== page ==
Meet the women on the front line of de-mining Afghanistan
KABUL (Agencies): Nearly 100 Afghans are killed every month by unexploded mines, and yet when Gulandam first signed up to help with de-mining efforts, men would hurl insults at her in the street.
“At the beginning we faced many problems, especially when we used to walk around Bamyan wearing our de-mining clothes,” explains Gulandam, one of the first 16 female de-miners on a team whose funding is provided by the UN Mine Action Service (UNMAS).
Her family were also worried that the job was “too risky” for a woman.
Afghanistan has been ranked by Amnesty International as the most dangerous place in the world to be a woman, and with the recent murder of parliamentary adviser Mena Mengal for her public role, Gulandam understood the risk she was taking going to work every day.
But despite the risks, women like her have been at the forefront of recent de-mining efforts and in October this year, Bamyan was declared the first province in Afghanistan to be completely cleared of all known mines.
It was achieved by Afghanistan’s first mixed de-mining team, with the majority of the team being composed of local Afghan women.
De-mining work has taken place in Afghanistan since 1989, clearing more than 18 million mines and explosive remnants of war, most of which were left by Soviet troops during the Afghan-Soviet war (1979-1989) as a tactic to protect supply chains and outposts.
It was only last year that women took part in the country’s de-mining operations – nearly 30 years after efforts began.
When the Taliban rose to power in 1996, it imposed many rules on the conduct of women, attempting to deny women’s access to education and banning them from being employed in most public jobs.
Today, the Taliban no longer has the power to enforce such rules, but Afghan women who work still face the threat of retaliatory attacks from conservative groups and family members.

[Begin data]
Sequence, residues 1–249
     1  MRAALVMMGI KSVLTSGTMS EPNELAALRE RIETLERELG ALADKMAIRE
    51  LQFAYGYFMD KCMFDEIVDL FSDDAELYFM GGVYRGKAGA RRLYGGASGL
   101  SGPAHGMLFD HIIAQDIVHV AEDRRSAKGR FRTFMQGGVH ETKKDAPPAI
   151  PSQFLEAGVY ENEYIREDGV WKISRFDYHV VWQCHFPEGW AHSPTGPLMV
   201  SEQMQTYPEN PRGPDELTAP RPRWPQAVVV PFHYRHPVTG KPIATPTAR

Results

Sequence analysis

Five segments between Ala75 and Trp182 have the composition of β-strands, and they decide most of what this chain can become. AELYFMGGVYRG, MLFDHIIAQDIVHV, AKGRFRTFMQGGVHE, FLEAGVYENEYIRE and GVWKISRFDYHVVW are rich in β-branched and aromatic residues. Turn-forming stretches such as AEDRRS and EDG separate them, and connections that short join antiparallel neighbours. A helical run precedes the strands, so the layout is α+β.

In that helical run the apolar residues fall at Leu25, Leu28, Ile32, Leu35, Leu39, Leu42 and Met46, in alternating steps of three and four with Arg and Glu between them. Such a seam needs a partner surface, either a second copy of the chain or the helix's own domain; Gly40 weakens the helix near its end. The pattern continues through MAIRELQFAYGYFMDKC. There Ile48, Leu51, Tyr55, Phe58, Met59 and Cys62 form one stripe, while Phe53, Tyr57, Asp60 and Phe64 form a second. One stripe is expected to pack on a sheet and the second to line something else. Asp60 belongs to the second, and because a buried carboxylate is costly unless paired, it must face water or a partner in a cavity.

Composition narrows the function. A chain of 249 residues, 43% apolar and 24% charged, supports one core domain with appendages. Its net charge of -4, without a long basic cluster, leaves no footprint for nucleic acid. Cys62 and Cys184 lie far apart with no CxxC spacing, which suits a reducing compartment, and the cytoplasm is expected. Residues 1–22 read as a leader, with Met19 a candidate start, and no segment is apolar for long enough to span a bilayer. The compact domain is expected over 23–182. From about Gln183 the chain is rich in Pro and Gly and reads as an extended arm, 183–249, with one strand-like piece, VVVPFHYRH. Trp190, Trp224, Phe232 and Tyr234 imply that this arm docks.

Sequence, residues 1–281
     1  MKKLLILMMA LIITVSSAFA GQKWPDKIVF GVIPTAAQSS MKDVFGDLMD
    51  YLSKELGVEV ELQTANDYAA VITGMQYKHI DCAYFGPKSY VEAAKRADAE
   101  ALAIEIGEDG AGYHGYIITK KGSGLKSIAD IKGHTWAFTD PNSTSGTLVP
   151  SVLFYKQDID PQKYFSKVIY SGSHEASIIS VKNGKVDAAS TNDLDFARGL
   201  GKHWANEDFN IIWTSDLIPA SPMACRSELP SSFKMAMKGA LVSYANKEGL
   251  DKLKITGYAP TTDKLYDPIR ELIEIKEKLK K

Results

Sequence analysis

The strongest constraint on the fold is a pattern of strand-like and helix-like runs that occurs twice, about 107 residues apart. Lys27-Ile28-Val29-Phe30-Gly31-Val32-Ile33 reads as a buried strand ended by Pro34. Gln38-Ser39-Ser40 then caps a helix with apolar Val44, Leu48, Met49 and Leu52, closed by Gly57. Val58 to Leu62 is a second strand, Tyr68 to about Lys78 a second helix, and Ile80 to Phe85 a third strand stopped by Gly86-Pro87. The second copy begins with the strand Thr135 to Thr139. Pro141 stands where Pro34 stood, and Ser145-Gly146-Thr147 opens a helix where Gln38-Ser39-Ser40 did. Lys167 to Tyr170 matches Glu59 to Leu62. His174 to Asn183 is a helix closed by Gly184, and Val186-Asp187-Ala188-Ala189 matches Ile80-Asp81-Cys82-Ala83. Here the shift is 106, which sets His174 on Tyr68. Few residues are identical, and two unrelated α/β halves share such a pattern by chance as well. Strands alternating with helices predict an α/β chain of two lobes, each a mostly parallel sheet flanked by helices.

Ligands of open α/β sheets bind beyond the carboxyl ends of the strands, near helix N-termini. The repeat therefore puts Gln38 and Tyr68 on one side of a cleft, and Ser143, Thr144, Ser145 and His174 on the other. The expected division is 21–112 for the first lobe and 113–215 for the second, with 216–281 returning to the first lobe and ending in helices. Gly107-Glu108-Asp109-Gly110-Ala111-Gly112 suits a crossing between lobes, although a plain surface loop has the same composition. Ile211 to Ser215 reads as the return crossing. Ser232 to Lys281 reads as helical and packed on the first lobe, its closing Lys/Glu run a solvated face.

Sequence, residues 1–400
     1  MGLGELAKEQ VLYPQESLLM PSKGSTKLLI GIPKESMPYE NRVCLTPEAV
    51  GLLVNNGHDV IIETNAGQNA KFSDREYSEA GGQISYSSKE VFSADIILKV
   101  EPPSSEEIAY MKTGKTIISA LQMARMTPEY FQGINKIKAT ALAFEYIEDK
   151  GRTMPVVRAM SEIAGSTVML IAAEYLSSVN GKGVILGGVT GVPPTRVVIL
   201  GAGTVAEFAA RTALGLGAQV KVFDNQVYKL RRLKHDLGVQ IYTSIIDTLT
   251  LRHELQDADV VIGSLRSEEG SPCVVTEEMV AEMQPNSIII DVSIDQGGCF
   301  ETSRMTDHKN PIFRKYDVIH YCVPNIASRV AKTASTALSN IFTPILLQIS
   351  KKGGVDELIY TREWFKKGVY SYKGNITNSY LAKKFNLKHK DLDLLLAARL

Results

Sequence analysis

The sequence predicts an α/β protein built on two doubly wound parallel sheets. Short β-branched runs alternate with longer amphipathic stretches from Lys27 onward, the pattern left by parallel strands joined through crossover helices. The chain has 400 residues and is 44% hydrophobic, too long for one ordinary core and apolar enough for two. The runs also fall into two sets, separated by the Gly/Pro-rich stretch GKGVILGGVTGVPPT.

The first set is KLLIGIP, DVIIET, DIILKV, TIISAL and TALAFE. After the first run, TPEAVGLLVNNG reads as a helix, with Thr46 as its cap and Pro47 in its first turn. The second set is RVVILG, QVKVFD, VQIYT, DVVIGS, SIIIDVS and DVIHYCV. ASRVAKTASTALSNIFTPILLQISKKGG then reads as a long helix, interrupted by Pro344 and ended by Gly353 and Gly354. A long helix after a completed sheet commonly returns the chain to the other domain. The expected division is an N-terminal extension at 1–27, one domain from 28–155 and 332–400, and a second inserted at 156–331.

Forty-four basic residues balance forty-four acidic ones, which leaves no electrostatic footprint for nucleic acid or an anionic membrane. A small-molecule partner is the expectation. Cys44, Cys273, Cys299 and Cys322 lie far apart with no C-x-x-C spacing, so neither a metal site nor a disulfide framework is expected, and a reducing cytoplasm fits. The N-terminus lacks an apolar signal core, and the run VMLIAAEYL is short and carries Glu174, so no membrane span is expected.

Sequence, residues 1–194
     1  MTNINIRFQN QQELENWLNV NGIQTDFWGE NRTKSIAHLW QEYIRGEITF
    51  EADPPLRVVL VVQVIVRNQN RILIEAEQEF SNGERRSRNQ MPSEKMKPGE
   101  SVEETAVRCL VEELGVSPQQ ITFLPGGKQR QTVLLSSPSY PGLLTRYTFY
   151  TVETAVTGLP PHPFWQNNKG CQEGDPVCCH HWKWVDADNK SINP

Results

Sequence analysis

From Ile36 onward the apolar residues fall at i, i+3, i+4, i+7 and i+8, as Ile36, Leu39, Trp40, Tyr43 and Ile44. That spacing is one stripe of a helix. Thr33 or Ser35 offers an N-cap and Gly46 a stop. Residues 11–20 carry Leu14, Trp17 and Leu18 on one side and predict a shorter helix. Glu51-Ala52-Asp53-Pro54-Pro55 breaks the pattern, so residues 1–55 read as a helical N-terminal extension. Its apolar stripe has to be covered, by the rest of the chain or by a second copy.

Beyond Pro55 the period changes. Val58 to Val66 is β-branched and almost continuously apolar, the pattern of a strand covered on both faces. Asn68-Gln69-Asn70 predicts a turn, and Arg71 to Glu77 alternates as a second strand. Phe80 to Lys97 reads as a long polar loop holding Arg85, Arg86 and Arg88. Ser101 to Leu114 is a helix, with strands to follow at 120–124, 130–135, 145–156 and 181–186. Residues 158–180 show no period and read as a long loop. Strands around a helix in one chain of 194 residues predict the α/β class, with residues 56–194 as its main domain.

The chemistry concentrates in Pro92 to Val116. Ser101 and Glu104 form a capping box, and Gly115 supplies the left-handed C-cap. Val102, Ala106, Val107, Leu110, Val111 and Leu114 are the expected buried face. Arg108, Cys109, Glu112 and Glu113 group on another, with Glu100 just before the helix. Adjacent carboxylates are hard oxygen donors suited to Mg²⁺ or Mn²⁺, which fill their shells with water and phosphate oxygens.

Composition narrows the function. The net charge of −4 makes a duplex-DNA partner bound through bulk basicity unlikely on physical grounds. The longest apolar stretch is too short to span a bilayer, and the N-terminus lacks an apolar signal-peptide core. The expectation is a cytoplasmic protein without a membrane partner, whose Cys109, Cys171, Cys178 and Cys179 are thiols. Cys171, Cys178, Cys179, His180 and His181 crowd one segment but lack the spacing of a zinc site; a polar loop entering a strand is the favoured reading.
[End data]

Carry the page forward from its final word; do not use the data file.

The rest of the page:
Sitting some 250km west of Kabul, the mountainous region of Bamyan is the cultural capital of the persecuted Shia Hazara minority, as well as being the site of the renowned Buddhas of Bamyan, destroyed in the anti-idol campaign launched by the Taliban government in 2001.
“When I work as a de-miner, I feel like I am a soldier combating with our hidden enemies, the landmines,” continues Gulandem.
The work is slow and risky; it can take a month for a team of 10-lane de-miners to clear just 10,000 square metres of minefield – about the size of a football pitch.
The team searches for mines using metal detectors and upon detection, the team leader is called to assess the type of mine. The mine is then either detonated through a controlled explosion or, depending on its type and age, removed and deactivated.
One of the last minefields cleared in Bamyan by the de-mining team took more than two hours to reach by foot, with the team leaving at 6am to climb the rocky terrain to the minefield. One wrong move could end in the loss of limbs or worse.
“I proved to my family that if a man can learn and handle risky jobs, a woman can too,” says Gulandem.
Where land has been cleared, not only are lives saved, but Afghans can start reclaiming the land for agricultural use.
“Today, the residents of Bamyan are much more familiar and appreciative of our work and the street harassment has reduced,” says Gulandem.